Total assets


$

5,657,108



$

5,619,499



$

5,675,868









LIABILITIES AND SHAREHOLDERS' EQUITY







Liabilities:







Loss reserves (2)


$

721,046



$

985,635



$

1,105,151


Unearned premiums


407,614



392,934



370,816


Federal home loan bank advance


155,000



155,000



155,000


Senior notes


419,425



418,560



418,271


Convertible junior debentures


256,872



256,872



256,872


Other liabilities


207,620



255,972



239,609


Total liabilities


2,167,577



2,464,973



2,545,719


Shareholders' equity


3,489,531



3,154,526



3,130,149


Total liabilities and shareholders' equity


$

5,657,108



$

5,619,499



$

5,675,868


Book value per share (3)


$

9.64



$

8.51



$

8.45









(1) Investments include net unrealized (losses) gains on securities


$

(72,399)



$

37,058



$

44,027


(2) Loss reserves, net of reinsurance recoverable on loss reserves


$

687,765



$

937,161



$

1,059,273


(3) Shares outstanding


362,155



370,567



370,562


 

MGIC INVESTMENT CORPORATION AND SUBSIDIARIES

ADDITIONAL INFORMATION - NEW INSURANCE WRITTEN
















2018


2017


Year-to-date


Q3


Q2


Q1


Q4


Q3


2018


2017

New primary insurance written (NIW) (billions)

$

14.5



$

13.2



$

10.6



$

12.8



$

14.1



$

38.3



$

36.3
















Monthly (including split premium plans) and annual premium plans

12.2



11.1



8.5



10.1



11.4



31.8



29.8


Single premium plans

2.3



2.1



2.1



2.7



2.7



6.5



6.5
















Direct average premium rate (bps) on NIW














Monthly (1)

51.3



54.6



55.8



56.3



55.5



53.7


55.3


Singles

153.5



165.6



167.4



170.5



176.8



161.8


175.9
















Product mix as a % of primary NIW














FICO < 680

7

%


6

%


7

%


8

%


7

%


7

%


7

%

>95% LTVs

17

%


15

%


13

%


13

%


12

%


16

%


10

%

>45% DTI

20

%


19

%


20

%


19

%


9

%


20

%


10

%

Singles

16

%


16

%


19

%


21

%


20

%


17

%


18

%

Refinances

5

%


6

%


12

%


13

%


9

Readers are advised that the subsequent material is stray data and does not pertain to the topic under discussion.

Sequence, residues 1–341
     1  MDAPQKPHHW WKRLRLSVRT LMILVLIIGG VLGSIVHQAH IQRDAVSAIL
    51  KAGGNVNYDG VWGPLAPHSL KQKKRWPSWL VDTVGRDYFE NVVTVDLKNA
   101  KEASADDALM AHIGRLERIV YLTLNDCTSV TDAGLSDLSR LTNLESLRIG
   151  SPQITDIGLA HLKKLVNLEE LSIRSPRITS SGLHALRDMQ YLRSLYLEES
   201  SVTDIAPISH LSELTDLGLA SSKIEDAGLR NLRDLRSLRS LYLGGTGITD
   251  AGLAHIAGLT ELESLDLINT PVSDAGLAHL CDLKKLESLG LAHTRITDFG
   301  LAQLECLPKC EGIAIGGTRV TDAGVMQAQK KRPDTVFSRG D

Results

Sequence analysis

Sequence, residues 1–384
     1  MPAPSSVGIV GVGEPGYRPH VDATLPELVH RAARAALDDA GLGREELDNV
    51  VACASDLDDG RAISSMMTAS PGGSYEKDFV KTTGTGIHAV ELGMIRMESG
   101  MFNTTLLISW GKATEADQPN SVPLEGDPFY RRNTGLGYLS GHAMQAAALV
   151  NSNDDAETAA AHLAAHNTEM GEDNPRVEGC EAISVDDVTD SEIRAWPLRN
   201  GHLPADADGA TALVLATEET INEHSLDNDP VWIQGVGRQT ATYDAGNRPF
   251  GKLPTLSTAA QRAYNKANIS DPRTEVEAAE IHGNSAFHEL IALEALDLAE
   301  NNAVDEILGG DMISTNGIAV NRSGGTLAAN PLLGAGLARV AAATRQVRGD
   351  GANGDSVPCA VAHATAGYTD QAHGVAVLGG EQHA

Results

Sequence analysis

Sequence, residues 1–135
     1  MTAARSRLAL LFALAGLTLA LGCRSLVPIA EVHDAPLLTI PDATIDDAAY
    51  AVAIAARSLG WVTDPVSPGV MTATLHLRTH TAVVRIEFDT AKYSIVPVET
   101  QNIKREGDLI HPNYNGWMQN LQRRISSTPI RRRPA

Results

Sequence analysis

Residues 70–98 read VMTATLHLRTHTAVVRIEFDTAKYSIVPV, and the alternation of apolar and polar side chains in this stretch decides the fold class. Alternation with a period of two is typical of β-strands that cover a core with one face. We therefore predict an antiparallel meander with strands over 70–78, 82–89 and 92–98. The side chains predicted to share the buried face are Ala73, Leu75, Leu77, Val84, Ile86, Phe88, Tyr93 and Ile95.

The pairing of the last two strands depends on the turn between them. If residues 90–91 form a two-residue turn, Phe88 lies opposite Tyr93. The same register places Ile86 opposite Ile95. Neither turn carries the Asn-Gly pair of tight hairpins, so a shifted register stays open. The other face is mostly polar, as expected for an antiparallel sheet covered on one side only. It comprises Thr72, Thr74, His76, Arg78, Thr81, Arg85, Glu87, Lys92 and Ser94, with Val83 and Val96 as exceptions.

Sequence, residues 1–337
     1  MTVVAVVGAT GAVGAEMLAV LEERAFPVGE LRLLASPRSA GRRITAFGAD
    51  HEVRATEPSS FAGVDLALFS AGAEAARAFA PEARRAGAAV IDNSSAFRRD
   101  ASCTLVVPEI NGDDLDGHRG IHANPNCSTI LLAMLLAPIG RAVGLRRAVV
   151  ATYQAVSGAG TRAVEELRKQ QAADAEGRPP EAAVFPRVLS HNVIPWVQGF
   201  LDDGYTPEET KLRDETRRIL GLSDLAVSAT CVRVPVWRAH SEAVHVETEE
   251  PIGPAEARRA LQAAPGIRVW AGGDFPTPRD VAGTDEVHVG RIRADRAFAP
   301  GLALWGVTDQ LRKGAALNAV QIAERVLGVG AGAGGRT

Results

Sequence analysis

%


7

%


11

%















New primary risk written (billions)

$

3.7



$

3.3



$

2.6



$

3.2



$

3.5



$

9.6



$

9.0
















(1)

Excludes loans with split and annual payments

 

MGIC INVESTMENT CORPORATION AND SUBSIDIARIES

ADDITIONAL INFORMATION - INSURANCE IN FORCE and RISK IN FORCE
















2018


2017






Q3


Q2


Q1


Q4


Q3





Primary Insurance In Force (IIF) (billions)

$

205.8



$

200.7



$

197.5



$

194.9



$

191.0






Total # of loans

1,048,088



1,033,323



1,026,797



1,023,951



1,014,092






Flow # of loans

999,382



982,208



973,187



968,649



956,772




















Average Loan Size of IIF (thousands)

$

196.4



$

194.2



$

192.3



$

190.4



$

188.4






Flow only

$

198.9



$

196.8



$

195.0



$

193.0



$

190.9




















Annual Persistency

81.0

%


80.1

%


80.2

%


80.1

%


78.8

%



















Primary Risk In Force (RIF) (billions)

$

53.1



$

51.7



$

50.9



$

50.3



$

49.4






By FICO (%)














FICO 760 & >

38

%


37

%


37

%


36

%


36

%





FICO 740-759

15

%


15

%


15

%


15

%


15

%





FICO 720-739

14

%


14

%


14

%


14

%


14

%





FICO 700-719

11

%


11

%


11

%


11

%


11

%





FICO 680-699

9

%


9

%


9

%


9

%


9

%





FICO 660-679

5

%


5

%


5

%


5

%


5

%





FICO 640-659

3

%


4

%


3

%


4

%


4

%





FICO 639 & <

5

%


5

%


6

%


6

%


6

%



















Average Coverage Ratio (RIF/IIF)

25.8

%


25.8

%


25.8

%


25.8

%


25.9

%



















Direct Pool RIF (millions)














With aggregate loss limits

$

232



$

233



$

233



$

236



$

238






Without aggregate loss limits

$

199



$

210



$

222



$

235



$

251




















Note:  The FICO credit score for a loan with multiple borrowers is the lowest of the borrowers' "decision FICO scores."  A borrower's "decision FICO score" is determined as follows: if there are three FICO scores available, the middle FICO score is used; if two FICO scores are available, the lower of the two is used; if only one FICO score is available, it is used.

 

MGIC INVESTMENT CORPORATION AND SUBSIDIARIES

ADDITIONAL INFORMATION - DEFAULT STATISTICS
















2018


2017






Q3


Q2


Q1


Q4


Q3





Primary IIF - Delinquent Roll Forward - # of Loans














Beginning Delinquent Inventory

36,037



41,243



46,556



41,235



41,317






New Notices

13,569



12,159



14,623



22,916



15,950






Cures

(14,197)



(15,350)



(18,073)



(15,712)



(13,546)






Paids (including those charged to a deductible or captive)

(1,374)



(1,501)



(1,571)



(1,803)



(2,195)






Rescissions and denials

(56)



(76)



(68)



(80)



(82)






Items removed from inventory

(581)



(438)



(224)





(209)






Ending Delinquent Inventory

33,398



36,037



41,243



46,556



41,235




















Primary IIF Delinquency Rate

3.19

%


3.49

%


4.02

%


4.55

%


4.07

%





Primary claim received inventory included in ending delinquent inventory

766



827